MDC-T president Thokozani Khupe will on Saturday lead a breast cancer awareness walk to highlight the plight of women suffering from the killer disease and call on the government to avail clinical cancer testing centres across the country.
BY NQOBANI NDLOVU
The march, organised by the Thokozani Khupe Cancer Foundation (TKCF), will start from the Bulawayo City Hall car park.
The former Deputy Prime Minister is a cancer survivor.
Khupe is urging women to go for breast cancer testing to ensure early detection.
Breast cancer is the leading cause of death among women across the world.
“Early detection of cancer saves lives,” the TKCF media liaison officer, Witness Dube, said.
“The sad reality is that in Africa, women only discover that they have breast cancer or any other cancers when the disease is already in its later stages, by which time chances of survival would have been greatly reduced.”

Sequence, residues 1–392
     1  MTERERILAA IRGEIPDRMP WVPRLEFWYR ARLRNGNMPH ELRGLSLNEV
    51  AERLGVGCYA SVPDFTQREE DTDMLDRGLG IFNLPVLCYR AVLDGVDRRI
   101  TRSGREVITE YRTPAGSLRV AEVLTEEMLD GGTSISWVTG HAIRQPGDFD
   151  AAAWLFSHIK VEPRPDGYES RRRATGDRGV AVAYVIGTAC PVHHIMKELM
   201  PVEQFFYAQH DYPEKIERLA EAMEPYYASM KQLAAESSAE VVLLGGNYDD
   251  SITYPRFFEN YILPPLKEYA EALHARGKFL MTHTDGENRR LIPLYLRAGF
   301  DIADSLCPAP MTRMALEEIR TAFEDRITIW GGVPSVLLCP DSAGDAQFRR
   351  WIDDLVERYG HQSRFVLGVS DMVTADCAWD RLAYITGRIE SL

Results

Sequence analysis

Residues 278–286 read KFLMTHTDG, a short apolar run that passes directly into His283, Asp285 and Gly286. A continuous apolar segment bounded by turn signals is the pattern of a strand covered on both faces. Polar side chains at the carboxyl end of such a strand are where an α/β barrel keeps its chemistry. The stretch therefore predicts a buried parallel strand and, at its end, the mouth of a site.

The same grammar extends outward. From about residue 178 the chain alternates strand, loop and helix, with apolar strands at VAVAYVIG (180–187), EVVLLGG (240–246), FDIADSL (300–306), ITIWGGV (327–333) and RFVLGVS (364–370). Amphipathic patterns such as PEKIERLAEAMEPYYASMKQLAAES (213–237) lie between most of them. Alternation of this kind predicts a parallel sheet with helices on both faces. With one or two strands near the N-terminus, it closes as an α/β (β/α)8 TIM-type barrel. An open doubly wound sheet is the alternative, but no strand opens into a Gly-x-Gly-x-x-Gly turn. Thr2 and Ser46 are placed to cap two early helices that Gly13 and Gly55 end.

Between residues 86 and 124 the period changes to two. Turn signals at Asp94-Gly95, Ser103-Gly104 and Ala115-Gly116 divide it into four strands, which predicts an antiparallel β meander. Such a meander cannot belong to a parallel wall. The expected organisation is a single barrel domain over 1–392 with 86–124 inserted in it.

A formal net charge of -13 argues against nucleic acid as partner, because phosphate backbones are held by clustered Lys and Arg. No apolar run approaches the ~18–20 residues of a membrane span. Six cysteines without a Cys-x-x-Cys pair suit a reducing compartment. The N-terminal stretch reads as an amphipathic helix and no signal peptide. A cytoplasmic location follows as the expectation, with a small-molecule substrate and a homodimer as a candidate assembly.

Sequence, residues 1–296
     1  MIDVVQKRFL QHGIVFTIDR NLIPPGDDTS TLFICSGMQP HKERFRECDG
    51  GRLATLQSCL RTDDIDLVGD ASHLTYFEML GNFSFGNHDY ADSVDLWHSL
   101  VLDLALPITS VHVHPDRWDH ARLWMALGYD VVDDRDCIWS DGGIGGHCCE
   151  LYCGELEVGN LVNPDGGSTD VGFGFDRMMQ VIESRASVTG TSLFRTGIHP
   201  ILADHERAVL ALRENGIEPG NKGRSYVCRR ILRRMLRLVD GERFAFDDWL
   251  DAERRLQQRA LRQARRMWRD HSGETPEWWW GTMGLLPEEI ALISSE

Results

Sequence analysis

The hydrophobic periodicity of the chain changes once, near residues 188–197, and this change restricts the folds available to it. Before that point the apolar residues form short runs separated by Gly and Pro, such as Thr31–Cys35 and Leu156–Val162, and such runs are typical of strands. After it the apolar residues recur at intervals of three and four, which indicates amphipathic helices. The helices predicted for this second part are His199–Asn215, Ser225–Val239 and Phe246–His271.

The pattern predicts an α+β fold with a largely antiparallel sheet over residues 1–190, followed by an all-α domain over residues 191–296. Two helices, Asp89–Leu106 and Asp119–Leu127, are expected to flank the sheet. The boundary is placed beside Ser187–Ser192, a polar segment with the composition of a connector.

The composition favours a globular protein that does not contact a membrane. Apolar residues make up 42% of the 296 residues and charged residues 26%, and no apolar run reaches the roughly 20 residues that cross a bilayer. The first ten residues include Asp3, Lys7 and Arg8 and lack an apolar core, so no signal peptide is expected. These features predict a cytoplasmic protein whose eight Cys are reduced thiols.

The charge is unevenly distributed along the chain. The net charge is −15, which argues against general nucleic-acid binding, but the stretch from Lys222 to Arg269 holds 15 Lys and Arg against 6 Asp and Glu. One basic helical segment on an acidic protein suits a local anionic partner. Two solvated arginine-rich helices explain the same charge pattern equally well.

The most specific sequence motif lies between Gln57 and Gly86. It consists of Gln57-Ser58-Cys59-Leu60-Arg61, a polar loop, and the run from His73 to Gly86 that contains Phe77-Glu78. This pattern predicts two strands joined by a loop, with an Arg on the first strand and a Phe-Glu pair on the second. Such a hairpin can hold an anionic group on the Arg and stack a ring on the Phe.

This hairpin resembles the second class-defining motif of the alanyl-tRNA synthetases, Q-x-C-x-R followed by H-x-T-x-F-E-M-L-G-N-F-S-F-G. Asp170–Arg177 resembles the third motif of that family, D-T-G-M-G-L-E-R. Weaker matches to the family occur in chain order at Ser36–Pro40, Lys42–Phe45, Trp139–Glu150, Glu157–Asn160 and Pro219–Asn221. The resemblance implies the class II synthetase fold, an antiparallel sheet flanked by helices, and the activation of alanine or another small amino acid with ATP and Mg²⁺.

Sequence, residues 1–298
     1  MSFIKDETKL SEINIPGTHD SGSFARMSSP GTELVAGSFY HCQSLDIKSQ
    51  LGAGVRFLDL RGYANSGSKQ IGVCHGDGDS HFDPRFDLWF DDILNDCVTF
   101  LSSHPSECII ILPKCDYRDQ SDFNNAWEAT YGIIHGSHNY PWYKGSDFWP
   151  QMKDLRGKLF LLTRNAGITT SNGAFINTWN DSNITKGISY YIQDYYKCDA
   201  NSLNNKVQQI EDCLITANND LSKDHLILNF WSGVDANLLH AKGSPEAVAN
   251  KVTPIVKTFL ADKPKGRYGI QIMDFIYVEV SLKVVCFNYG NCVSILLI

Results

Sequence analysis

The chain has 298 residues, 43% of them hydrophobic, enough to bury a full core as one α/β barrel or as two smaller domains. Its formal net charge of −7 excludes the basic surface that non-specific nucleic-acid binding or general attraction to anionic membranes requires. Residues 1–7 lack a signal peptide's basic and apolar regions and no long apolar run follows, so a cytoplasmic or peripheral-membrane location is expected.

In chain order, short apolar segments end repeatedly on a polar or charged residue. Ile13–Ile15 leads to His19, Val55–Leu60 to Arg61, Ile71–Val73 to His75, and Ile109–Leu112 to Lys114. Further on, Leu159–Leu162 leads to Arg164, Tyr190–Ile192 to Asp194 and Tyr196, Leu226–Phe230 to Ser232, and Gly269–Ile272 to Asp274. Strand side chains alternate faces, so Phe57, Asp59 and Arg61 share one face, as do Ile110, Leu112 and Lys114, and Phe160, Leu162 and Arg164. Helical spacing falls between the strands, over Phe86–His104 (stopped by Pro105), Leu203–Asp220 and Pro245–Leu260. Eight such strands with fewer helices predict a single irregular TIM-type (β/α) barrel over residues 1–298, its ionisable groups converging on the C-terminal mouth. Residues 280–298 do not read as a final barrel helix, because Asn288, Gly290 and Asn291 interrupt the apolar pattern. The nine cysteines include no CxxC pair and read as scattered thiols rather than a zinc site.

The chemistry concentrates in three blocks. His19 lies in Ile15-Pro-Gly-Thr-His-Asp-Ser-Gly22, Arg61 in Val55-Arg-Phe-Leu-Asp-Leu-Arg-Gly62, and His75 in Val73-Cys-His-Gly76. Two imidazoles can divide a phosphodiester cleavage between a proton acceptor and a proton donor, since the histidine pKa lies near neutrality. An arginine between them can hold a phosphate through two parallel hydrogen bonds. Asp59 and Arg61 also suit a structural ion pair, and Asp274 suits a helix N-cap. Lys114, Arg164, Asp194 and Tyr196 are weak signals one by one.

The TKCF, which was launched in 2012, seeks to alleviate the plight of cancer patients by offering advocacy campaigns, early detection programmes and assisting in policy formulation in relation to cancer issues.
“The TKCF encourages women to be cancer aware by continuously feeling their breasts, so that they would detect anything unusual and to get timely treatment,” Dube said.
“As women self-examine their breast, some of the early signs of breast cancer to look out for include having a lump in one’s breast, a painful breast or armpit, or a discharge from the nipple. However, self-examination of breast cancer symptoms does not replace one’s regular visits to the doctor for a mammogram test, where possible.”
Breast cancer is the most common cancer in women, according to the Cancer Association of Zimbabwe. Early detection of abnormalities gives doctors a better chance to offer effective treatment.